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Most pallets use treated lumber; you won't want to plant food in one. Wood pallets used to transport food can possibly harbor pathogens such as E. coli and Listeria. However, close contact with pallet wood or inhalation of dusts from sanding or sawing can be a source of exposure to pesticide and fungicide chemicals. It is likely that the January, 2010 recall of Johnson and Johnson Tylenol and other drugs were due to their being stored on wooden pallets that had been treated with the fungicide/pesticide 2,4,6-tribromophenol. This chemical can be degraded by molds to produce tribromoanisole whose strong, musty odor caused consumers to complain. There is no acute or chronic health data on 2,4,6-tribromoanisole, but it is believed that the contaminated drugs caused nausea and other health effects in some people. Just a thought.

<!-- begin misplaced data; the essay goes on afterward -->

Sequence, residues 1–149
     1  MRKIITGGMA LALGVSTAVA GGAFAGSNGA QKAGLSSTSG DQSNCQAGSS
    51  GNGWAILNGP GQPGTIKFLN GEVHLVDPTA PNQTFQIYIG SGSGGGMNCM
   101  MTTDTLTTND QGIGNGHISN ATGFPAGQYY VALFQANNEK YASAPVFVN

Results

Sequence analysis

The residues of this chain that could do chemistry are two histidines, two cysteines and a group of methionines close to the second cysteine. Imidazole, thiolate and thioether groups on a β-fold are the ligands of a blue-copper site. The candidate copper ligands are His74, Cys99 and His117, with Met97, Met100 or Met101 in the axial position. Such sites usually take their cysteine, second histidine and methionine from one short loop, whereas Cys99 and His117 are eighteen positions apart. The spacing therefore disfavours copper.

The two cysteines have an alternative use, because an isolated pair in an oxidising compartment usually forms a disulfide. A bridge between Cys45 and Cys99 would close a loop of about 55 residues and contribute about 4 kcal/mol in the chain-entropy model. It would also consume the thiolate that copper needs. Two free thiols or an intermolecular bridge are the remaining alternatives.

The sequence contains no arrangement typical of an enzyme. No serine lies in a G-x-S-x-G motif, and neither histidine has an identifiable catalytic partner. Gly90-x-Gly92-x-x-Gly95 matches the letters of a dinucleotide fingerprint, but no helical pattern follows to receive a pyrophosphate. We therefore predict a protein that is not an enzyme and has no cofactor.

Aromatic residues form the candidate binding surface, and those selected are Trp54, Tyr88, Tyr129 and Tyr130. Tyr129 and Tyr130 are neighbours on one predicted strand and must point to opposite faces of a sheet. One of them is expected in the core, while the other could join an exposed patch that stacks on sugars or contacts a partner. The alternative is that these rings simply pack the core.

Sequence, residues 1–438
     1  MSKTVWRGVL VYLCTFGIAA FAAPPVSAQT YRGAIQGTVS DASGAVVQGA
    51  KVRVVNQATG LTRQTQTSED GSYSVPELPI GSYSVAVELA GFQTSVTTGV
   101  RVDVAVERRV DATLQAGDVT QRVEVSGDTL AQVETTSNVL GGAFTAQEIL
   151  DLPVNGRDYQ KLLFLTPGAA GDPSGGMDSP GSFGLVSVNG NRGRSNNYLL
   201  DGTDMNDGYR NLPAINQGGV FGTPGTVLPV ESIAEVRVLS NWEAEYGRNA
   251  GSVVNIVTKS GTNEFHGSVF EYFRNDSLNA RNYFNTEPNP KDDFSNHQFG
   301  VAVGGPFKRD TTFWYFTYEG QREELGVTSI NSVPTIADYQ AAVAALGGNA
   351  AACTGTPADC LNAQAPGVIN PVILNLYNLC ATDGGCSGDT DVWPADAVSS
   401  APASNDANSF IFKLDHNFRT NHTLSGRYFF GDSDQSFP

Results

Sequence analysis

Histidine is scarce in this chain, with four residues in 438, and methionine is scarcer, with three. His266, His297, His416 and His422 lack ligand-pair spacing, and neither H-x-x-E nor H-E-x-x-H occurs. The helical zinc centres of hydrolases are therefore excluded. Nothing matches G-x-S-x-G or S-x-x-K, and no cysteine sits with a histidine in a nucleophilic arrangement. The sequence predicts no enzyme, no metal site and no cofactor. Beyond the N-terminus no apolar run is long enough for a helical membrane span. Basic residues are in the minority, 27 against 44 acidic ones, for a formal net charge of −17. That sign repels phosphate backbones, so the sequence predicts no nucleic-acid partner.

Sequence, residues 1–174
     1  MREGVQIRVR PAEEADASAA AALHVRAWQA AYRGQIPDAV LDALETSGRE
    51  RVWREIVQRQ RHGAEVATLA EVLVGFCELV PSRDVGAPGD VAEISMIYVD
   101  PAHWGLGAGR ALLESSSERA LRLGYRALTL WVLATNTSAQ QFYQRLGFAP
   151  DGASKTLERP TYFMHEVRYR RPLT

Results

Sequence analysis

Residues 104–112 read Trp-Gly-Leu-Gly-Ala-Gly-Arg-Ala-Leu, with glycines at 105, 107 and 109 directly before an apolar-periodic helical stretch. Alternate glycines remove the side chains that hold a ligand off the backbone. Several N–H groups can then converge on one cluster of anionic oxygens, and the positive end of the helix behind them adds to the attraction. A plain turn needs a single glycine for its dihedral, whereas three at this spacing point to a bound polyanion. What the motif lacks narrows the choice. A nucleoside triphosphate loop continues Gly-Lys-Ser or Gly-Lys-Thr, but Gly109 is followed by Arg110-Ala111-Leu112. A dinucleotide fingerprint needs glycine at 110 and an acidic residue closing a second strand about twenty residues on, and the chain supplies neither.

20 Creative Ways to Upcycle Pallets in your Garden | The Micro Gardener | The Green Man Garden & Landscape
Ideas for vegetable garden. So cute!
How to make a garden chandelier. ☀CQ #backyard #garden #outdoor
garden for small space
20 Creative Ways to Upcycle Pallets in your Garden
Raised beds done right
Got Pallets? Hate weeding? Don't feel like turning up a bunch of grass? Use a pallet as a garden bed - staple garden cloth on the backside of the pallet fill with dirt and start growing! Courtesy of: Backyard Diva
Raised Garden Bed from crates
Vegetable garden or herb garden